Some correspondents have questioned whether IBM can really compete with SAP and Oracle in the applications business using the approach I hypothesized. Using an approach like BPM BlueWorks, IBM Global Business Services consultants can share processes (and the code to implement the individual "tasks" in those processes).
To put this in some perspective, IBM Global Business Services has 190,000 employees, according to Wikipedia. While not all of them are coding, bear in mind that this number is on the order of 10x the number of developers at Oracle and SAP. In addition, IBM has a large software division and research labs, also able to support the creation of these processes.
IBM need not create the basic financial and human resource core processes. They don't even have to create the basic objects and the processes to maintain the connections between those processes. After all, those objects and processes already exist, for most customers, in their current, installed SAP or Oracle applications. Those cores do not need to nor do they benefit from change, which is why customers are so loathe to upgrade their cores. However, customers desire additional, high value processes on top of those cores - this explains the success of Siebel and i2 in the past, and Salesforce and SuccessFactors and Taleo and Lithium in the present.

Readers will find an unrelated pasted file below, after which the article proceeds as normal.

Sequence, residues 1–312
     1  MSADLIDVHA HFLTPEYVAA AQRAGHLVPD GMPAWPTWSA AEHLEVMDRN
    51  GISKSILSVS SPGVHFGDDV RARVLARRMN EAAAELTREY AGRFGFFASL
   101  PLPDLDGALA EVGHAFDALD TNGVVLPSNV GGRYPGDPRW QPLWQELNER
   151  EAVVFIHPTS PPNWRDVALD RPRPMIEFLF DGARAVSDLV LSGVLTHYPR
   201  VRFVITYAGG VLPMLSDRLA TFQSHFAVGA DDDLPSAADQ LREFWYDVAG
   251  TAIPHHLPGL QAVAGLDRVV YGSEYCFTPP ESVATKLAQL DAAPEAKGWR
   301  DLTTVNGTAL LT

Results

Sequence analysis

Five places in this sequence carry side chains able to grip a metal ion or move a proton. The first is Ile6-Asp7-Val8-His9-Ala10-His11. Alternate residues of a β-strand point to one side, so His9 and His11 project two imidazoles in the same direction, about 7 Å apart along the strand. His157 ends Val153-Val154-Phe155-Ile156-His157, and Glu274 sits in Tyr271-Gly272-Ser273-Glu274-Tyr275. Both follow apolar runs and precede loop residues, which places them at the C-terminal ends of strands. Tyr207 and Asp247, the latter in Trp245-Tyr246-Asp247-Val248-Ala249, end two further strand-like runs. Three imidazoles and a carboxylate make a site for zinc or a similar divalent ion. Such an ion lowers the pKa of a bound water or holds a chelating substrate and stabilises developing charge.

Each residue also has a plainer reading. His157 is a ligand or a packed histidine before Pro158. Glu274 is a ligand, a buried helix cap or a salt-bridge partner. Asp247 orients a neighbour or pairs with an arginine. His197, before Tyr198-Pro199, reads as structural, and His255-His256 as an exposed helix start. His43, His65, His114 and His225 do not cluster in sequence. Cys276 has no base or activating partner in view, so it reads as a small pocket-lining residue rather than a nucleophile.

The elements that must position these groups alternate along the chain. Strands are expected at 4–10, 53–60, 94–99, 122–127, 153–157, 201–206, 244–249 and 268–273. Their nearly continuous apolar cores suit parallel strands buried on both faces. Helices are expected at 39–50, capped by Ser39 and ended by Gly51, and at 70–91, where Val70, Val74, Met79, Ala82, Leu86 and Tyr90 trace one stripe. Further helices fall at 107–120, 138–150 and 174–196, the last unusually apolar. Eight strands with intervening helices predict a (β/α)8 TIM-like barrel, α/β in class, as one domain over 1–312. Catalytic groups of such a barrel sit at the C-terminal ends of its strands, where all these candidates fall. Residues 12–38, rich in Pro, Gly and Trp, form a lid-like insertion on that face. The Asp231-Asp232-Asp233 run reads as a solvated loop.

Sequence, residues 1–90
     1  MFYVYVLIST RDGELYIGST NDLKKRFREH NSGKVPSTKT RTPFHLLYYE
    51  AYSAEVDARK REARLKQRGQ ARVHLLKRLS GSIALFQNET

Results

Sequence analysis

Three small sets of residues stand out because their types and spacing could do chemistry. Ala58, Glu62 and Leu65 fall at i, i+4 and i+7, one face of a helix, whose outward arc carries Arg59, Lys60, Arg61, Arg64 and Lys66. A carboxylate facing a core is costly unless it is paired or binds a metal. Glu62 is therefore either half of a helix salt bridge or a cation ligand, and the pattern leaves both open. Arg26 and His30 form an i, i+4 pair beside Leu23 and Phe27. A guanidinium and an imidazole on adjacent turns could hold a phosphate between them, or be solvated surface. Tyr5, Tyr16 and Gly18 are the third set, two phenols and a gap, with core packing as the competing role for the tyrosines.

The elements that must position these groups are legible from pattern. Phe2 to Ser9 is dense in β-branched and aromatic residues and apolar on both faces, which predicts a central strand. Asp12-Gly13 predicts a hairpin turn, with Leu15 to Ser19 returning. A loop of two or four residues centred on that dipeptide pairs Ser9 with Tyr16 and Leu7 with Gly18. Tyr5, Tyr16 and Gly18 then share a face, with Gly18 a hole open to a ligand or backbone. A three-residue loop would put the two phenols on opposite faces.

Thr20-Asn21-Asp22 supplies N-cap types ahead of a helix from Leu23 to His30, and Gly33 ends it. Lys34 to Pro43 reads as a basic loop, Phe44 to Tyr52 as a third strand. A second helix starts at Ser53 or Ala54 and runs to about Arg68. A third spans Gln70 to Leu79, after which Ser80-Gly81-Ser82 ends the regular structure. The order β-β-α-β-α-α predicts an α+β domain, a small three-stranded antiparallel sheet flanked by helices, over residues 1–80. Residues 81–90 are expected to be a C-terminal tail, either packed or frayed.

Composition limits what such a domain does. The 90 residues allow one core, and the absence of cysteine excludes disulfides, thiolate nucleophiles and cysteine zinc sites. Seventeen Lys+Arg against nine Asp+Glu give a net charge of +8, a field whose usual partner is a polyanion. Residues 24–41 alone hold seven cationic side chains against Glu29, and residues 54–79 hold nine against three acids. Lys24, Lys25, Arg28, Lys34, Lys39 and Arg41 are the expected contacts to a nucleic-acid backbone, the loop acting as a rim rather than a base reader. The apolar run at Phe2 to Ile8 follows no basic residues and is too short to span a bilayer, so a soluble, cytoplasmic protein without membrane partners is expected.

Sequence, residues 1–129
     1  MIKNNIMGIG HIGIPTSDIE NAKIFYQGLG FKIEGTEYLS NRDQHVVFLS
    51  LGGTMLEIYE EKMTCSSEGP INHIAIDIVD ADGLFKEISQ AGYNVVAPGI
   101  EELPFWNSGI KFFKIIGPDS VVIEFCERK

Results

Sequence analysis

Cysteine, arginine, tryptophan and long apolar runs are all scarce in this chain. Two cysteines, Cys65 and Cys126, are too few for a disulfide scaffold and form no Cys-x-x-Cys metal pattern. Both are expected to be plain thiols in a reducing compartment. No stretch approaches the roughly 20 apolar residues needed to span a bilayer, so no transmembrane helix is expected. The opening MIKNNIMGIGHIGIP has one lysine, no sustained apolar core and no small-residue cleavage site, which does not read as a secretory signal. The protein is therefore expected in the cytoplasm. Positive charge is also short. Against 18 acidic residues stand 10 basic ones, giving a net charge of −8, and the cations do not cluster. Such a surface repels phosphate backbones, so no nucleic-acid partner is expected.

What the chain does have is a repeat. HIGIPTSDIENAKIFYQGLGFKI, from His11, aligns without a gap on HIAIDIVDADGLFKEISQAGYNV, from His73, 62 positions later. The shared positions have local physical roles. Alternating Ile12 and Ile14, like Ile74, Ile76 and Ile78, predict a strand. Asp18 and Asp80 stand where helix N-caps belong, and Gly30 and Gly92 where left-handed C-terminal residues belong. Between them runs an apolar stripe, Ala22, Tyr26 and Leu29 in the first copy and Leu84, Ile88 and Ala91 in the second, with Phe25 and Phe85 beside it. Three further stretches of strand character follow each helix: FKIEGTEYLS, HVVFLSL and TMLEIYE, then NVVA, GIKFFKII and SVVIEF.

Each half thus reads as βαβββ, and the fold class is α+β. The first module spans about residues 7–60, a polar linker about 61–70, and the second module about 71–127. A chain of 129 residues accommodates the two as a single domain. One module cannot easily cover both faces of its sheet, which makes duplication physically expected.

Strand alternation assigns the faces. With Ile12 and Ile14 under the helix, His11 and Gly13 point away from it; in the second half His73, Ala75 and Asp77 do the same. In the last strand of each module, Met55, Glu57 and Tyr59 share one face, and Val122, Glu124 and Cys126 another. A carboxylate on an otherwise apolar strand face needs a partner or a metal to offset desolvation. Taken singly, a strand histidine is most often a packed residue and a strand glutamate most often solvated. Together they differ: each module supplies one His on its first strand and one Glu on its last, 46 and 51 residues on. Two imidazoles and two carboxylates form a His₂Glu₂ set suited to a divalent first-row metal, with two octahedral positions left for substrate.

As long as IBM can keep those stable cores in place, IBM can develop high value processes as composite applications using WebSphere/Lotus without investing in core ERP. Fortunately, IBM has a practice in place to take over running your existing enterprise apps, guaranteeing a cost reduction every year, and without the large periodic upgrade costs of staying current with SAP and Oracle.
In summary, IBM will compete with SAP and Oracle for applications business, but not by trying to replace current SAP and Oracle instances (the way Oracle and SAP compete with each other), but instead by building on them as a platform.